“Facebook instructed app developers and websites not to share medical, financial, and other sensitive personal consumer data but took no steps to police this rule,” state financial services superintendent Linda Lacewell said in a release.

Source: Facebook Starts Blocking Sensitive Medical Data Shared by Apps Over Privacy Concerns | Technology News

European Commission Publishes Draft UK Data Transfer Adequacy Determination

On February 19, 2021, the European Commission published a draft data protection adequacy decision relating to the UK. If the draft decision is adopted, organizations in the EU will be able to continue to transfer personal data to organizations in the UK without restriction, and will not need to rely upon data transfer mechanisms, such as the EU Standard Contractual Clauses, to ensure an adequate level of protection.

Before the decision is formally adopted, the European Data Protection Board will issue a non-binding (although likely persuasive) opinion in relation to the decision. The European Parliament’s Committee on Civil Liberties also will issue a non-binding opinion in relation to the decision. The decision will be formally adopted after it has been approved by the EU Member States acting through the European Council.

Source: European Commission Publishes Draft UK Data Transfer Adequacy Determination | Privacy & Information Security Law Blog

Aiming to Cash In on Data, European Firms Grapple With Privacy Laws

Companies in Europe want to share the personal data of consumers with other firms or turn it into business applications without violating privacy rules, but there is no consensus on how to avoid revealing such potentially sensitive information.

Privacy restrictions in the European Union’s 2018 General Data Protection Regulation initially caused companies to reconsider whether they could cash in on personal data collected on consumers. Now, some companies are finding ways to avoid revealing that data, including consumers’ identities.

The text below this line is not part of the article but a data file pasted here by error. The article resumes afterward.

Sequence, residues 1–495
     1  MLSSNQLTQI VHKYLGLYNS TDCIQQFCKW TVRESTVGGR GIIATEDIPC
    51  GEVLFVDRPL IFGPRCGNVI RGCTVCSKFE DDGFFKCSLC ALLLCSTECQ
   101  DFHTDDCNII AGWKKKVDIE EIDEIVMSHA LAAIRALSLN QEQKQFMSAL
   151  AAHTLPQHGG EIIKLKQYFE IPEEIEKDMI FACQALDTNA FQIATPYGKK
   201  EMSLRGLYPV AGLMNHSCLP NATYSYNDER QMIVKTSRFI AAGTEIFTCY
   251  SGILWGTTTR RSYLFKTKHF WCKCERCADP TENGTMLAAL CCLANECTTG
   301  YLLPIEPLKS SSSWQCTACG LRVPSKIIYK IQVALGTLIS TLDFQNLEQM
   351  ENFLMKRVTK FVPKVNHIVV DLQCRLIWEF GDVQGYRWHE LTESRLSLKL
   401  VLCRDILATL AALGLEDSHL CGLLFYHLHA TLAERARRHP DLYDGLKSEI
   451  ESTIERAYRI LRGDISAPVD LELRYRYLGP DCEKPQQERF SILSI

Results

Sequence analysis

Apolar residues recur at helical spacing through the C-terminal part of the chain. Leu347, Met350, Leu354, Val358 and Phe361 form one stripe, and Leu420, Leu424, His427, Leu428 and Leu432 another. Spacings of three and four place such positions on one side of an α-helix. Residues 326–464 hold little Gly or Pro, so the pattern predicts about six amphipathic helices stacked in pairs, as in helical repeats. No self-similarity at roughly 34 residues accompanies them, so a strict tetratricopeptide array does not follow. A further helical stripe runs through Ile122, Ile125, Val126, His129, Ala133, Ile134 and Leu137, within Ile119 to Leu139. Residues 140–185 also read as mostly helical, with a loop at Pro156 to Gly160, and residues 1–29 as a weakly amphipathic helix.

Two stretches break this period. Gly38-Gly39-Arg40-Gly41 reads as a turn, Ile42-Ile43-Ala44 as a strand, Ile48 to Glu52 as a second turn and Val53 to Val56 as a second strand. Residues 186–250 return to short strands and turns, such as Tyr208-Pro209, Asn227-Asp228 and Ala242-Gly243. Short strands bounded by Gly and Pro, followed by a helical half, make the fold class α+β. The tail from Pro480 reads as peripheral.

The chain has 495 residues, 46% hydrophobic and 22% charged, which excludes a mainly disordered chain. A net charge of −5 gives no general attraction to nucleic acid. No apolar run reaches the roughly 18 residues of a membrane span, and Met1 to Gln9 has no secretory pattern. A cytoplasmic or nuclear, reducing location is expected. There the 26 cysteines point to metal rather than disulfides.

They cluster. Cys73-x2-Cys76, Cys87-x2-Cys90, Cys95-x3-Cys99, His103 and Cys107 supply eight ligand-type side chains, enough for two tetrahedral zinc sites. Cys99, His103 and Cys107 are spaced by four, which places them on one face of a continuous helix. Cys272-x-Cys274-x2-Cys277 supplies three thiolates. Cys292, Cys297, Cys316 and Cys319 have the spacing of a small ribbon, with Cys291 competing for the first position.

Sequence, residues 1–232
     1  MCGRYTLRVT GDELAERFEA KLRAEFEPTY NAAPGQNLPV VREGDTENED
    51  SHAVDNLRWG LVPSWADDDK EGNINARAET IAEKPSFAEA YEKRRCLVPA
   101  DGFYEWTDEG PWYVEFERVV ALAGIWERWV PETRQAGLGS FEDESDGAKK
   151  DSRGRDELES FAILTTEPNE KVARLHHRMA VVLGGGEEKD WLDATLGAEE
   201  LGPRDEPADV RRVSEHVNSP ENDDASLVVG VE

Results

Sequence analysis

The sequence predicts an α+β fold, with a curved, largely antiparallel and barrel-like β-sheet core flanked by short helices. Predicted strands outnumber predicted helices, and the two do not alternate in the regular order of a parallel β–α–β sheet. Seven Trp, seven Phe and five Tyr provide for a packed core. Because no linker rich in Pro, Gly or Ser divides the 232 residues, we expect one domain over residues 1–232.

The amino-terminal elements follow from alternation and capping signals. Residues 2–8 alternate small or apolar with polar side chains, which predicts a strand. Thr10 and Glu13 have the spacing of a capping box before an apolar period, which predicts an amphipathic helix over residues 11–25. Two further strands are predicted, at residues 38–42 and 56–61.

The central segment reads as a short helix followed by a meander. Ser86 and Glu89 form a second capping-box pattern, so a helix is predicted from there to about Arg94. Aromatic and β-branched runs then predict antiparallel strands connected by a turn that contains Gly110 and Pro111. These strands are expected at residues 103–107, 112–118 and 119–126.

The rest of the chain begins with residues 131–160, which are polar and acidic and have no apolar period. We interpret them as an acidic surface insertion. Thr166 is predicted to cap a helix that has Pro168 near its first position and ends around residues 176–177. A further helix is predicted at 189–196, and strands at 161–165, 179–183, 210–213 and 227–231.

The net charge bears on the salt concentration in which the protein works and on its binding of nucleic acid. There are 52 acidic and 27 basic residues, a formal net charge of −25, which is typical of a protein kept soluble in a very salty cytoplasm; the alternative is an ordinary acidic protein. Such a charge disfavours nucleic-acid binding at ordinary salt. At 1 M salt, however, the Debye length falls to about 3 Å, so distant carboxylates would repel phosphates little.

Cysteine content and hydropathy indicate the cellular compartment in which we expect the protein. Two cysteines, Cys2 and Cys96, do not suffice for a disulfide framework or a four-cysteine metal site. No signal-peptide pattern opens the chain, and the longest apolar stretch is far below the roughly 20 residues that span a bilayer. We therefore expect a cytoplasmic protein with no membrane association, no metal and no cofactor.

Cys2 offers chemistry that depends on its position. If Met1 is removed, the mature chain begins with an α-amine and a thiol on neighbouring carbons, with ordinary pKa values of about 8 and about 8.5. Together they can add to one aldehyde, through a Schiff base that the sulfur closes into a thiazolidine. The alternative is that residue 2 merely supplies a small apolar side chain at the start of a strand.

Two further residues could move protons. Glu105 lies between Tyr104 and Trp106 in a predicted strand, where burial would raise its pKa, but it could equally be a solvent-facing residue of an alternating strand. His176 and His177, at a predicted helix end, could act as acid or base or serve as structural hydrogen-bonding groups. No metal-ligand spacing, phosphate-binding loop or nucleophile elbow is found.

Full article: Aiming to Cash In on Data, European Firms Grapple With Privacy Laws

Swedish Police unlawfully used facial recognition app, says Privacy Watchdog

Upon news in the media of the Swedish Police Authority using the application Clearview AI for facial recognition the Swedish Authority for Privacy Protection (IMY) initiated an investigation against the Police.

The investigation concludes that Cleaview AI has been used by the Police on a number of occasions. According to the Police a few employees have used the application without any prior authorisation.

IMY imposed an administrative fine of SEK 2,500,000 (approximately EUR 250,000) on the Police Authority for infringements of the Criminal Data Act. IMY also ordered the Police to conduct further training and education of its employees in order to avoid any future processing of personal data in breach of data protection rules and regulations.

Source: Police unlawfully used facial recognition app – Integritetsskyddsmyndigheten